How IL2CPP works

When you start a build using IL2CPP, Unity automatically performs the following steps:

  1. The Roslyn C# compiler compiles your application’s C# code and any required package code to .NET DLLs (managed assemblies).
  2. Unity applies managed bytecode stripping. This step can significantly reduce the size of a built application.
  3. The IL2CPP backend converts all managed assemblies into standard C++ code.
  4. The C++ compiler compiles the generated C++ code and the runtime part of IL2CPP with a native platform compiler.
  5. Unity creates either an executable file or a DLL, depending on the platform you target.

Both IL2CPP and Mono provide a few useful options which you can control with attributes in your scriptsA piece of code that allows you to create your own Components, trigger game events, modify Component properties over time and respond to user input in any way you like. More info
See in Glossary
. For more information, see Platform-dependent compilation.

IL2CPP enables Unity to pre-compile code for specific platforms. The binary file Unity produces at the end of this process already contains necessary machine code for the target platform, while Mono has to compile this machine code at runtime during execution. AOT compilation does increase build time, but it also improves compatibility with the target platform and can improve performance.

Both scripting backends require a new build for each platform you want to target. For example, to support both the Android and iOSApple’s mobile operating system. More info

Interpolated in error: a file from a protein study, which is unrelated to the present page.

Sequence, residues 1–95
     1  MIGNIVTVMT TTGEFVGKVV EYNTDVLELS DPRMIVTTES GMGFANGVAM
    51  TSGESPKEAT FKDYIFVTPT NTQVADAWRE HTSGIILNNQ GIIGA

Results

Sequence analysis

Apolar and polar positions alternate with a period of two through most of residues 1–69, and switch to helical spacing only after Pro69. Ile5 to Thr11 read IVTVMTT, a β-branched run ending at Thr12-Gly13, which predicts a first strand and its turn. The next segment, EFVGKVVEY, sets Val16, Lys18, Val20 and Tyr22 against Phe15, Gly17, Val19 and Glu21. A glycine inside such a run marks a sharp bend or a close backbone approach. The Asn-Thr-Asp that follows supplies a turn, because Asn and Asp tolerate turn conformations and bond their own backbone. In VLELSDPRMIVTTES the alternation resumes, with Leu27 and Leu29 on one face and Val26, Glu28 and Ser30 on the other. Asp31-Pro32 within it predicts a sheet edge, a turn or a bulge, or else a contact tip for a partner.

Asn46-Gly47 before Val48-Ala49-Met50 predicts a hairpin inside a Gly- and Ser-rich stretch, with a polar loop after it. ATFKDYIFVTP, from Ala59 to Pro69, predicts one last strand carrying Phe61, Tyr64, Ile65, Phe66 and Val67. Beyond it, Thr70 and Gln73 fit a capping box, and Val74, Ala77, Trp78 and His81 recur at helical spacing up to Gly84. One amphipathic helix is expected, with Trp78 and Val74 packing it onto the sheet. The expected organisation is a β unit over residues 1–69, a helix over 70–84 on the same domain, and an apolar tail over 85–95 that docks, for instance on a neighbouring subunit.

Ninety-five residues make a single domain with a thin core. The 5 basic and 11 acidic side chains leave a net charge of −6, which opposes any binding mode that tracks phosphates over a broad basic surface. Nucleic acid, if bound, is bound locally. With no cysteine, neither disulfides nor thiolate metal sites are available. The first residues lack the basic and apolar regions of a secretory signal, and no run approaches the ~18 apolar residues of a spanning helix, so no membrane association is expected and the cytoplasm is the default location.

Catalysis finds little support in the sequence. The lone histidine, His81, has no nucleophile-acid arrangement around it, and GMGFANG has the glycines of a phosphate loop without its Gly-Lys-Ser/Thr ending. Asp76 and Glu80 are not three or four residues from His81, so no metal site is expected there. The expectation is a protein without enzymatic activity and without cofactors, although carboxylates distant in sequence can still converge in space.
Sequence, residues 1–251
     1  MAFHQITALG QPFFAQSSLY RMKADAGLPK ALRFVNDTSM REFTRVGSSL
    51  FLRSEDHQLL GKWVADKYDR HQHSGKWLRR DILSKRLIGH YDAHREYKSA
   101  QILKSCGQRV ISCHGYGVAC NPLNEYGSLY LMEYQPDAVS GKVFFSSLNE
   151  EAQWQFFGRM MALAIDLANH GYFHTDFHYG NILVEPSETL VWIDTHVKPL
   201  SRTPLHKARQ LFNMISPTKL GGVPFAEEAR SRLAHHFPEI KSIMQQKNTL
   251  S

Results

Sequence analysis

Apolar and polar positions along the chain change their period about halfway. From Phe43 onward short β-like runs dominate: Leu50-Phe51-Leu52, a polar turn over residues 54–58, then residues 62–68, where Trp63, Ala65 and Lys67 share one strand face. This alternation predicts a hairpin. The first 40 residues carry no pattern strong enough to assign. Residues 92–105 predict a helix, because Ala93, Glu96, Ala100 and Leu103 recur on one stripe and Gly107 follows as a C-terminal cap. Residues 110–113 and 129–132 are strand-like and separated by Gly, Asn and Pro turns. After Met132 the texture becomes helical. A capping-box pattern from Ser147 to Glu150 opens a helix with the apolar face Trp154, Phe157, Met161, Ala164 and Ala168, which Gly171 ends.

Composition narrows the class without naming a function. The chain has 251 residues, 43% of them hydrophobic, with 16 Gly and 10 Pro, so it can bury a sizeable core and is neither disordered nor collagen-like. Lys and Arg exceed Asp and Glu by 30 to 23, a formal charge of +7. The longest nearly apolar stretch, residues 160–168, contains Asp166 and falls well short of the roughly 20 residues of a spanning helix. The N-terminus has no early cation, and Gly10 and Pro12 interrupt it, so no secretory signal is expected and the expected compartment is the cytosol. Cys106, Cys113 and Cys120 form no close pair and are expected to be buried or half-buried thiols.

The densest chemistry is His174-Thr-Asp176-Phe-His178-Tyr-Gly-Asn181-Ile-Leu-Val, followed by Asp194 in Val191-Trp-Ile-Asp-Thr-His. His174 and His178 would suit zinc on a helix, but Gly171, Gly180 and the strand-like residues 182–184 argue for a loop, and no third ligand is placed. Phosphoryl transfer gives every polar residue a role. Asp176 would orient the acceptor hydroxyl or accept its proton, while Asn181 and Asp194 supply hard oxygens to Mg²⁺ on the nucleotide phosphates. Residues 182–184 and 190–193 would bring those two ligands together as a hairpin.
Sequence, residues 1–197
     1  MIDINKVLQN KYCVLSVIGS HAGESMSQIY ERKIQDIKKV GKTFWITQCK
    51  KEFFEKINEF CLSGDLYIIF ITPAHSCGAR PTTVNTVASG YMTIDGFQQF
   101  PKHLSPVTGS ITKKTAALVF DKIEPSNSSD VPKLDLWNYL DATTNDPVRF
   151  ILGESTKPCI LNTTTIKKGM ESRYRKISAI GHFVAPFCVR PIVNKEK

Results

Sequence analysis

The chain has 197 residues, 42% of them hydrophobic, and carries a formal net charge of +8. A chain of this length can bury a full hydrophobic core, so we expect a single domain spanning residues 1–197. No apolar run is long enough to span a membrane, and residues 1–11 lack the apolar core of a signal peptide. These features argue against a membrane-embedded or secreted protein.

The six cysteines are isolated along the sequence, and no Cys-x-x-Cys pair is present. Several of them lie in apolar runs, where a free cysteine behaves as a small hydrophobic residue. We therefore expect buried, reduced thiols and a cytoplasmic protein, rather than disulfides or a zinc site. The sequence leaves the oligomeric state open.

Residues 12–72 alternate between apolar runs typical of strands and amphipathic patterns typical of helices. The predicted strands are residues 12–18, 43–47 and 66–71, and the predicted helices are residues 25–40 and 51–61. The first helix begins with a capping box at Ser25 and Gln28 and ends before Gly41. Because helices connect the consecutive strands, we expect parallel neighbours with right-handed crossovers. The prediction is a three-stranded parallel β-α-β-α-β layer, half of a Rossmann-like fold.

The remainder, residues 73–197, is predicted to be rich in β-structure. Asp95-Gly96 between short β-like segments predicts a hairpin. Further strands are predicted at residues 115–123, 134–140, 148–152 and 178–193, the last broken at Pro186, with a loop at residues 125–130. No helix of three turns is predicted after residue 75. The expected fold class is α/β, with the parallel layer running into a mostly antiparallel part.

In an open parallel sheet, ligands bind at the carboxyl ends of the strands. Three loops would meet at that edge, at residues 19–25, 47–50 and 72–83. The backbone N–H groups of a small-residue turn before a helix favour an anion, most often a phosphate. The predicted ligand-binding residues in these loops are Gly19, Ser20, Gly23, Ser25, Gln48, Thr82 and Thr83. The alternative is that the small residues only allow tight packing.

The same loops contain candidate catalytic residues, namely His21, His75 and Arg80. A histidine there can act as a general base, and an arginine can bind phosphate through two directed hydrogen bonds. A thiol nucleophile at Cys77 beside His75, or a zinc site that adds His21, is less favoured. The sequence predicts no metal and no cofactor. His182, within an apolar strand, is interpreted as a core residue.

See in Glossary
platforms, you need to build your application twice and produce two binary files.

The assembly stripping stage helps reduce the final binary size. Unity removes any bytecode that the final built application doesn’t use.

Optimizing IL2CPP build times

Project build times when using IL2CPP can be significantly longer than when using Mono. However, you can do several things to reduce build time.

Exclude your project from anti-malware software scans

You can exclude your Unity project folder and target build folders from anti-malware software scans before you build your project.

Store your project and target build folder on a solid-state drive (SSD)

Solid-state drives (SSDs) have faster read/write speeds than traditional hard disk drives (HDD). Converting IL code to C++ and compiling it involves a large number of read/write operations, so a faster storage device speeds up this process.

Enabling runtime checks using Il2CppSetOption

When you use the IL2CPP scripting backend, you can control how il2cpp.exe generates C++ code. You can use the Il2CppSetOption attribute to enable or disable the following runtime checks:

Property: Description: Default:
Null checks If this option is enabled, the C++ code that IL2CPP generates contains null checks and throws managed NullReferenceException exceptions as necessary. If this option is disabled, IL2CPP doesn’t emit the null checks into the generated C++ code. For some projects, disabling this option might improve runtime performance.

When this setting is disabled, Unity doesn’t prevent attempts to access null values in the generated code, which might lead to incorrect behavior. Your application is likely to crash soon after it dereferences the null value. Unity recommends that you don’t disable this option.
Enabled